In the long run, reducing greenhouse gas emissions requires changing the technologies for energy production and use. Reducing or eliminating the need for fossil-fueled energy could be the means through which this long run consequence could be achieved. It is also possible to increase the capacity of the biosphere to absorb C[O.sub.2] through reforestation and other land-management practices, but this will always be less important than the primary goal of reducing emissions. Because efficient use and C[O.sub.2],-free production of energy are technical matters, it seems logical that the challenge of global climate change should boil down to a question of adjusting the technological basis of the energy economy.

[ILLUSTRATION OMITTED]

The record of atmospheric chemistry over time hints at the magnitude of this challenge. Atmospheric CO, began to increase significantly as the Industrial Revolution gathered momentum early in the nineteenth century. Coal was the fuel that freed powered machinery from the constraints of wind or water driven mills. Petroleum and natural gas came later, and much of the energy for today's world economy-- about 85 percent--comes from fossil fuels. The scale of the human behaviors contributing to unwanted atmospheric C[O.sub.2] is the scale of the world economy. The technologies in question range from large stationary power sources to widely dispersed end-uses in manufacturing, transportation, agriculture, and domestic applications. …

The rest of this article is only available to active members of Questia

Sign up now for a free, 1-day trial and receive full access to:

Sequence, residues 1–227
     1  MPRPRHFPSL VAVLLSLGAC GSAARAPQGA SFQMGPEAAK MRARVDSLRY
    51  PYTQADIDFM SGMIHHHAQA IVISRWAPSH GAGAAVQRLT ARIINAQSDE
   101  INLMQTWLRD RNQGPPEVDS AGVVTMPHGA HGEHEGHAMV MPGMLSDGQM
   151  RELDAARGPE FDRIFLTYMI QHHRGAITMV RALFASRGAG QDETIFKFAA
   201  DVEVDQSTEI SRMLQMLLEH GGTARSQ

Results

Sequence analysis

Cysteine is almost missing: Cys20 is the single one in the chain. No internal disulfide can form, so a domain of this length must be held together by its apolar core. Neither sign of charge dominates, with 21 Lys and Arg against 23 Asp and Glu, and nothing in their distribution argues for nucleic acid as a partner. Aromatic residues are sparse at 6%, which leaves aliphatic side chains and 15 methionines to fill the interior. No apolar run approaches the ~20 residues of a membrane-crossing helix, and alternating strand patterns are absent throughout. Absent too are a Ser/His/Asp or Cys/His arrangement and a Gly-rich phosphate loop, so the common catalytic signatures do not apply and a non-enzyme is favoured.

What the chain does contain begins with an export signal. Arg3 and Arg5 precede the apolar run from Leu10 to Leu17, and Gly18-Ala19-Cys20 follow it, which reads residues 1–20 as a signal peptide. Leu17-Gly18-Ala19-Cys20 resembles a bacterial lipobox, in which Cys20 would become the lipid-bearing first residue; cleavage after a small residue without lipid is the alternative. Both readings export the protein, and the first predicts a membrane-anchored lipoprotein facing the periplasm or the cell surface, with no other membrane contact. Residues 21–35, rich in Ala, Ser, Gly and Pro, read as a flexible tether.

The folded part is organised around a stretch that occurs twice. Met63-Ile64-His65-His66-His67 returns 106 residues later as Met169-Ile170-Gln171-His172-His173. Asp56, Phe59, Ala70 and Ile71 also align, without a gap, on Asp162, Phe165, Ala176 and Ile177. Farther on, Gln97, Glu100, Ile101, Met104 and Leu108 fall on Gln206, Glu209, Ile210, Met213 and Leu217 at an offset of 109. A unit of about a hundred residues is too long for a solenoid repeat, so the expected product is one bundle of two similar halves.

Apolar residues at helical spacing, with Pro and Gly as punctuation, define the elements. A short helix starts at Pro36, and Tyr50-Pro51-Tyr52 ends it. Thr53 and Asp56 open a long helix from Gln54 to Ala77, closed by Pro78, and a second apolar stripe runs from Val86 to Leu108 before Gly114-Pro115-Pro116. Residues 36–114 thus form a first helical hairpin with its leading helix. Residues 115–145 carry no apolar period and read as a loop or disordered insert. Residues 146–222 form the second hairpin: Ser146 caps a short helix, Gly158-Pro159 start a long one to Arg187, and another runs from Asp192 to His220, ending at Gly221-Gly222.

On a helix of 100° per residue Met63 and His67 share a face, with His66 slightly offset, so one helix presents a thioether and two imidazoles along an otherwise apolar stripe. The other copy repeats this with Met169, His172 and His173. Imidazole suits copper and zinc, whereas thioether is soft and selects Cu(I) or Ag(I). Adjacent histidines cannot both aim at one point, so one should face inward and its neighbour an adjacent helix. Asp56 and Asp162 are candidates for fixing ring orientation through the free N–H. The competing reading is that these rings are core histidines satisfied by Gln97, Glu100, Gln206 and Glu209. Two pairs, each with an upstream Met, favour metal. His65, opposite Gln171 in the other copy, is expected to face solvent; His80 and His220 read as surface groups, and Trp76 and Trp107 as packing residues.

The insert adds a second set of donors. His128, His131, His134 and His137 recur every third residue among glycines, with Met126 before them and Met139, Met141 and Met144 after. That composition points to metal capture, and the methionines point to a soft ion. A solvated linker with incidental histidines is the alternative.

• Questia's entire collection
  • Automatic bibliography creation
  • More helpful research tools like notes, citations, and highlights
  • A full archive of books and articles related to this one
  • Ad-free environment

Already a member? Log in now.

Notes for this article

Add a new note
If you are trying to select text to create highlights or citations, remember that you must now click or tap on the first word, and then click or tap on the last word.
One moment ...
Default project is now your active project.
Project items

Items saved from this article

This article has been saved
Highlights (0)
Some of your highlights are legacy items.

Highlights saved before July 30, 2012 will not be displayed on their respective source pages.

You can easily re-create the highlights by opening the book page or article, selecting the text, and clicking “Highlight.”

Citations (0)
Some of your citations are legacy items.

Any citation created before July 30, 2012 will labeled as a “Cited page.” New citations will be saved as cited passages, pages or articles.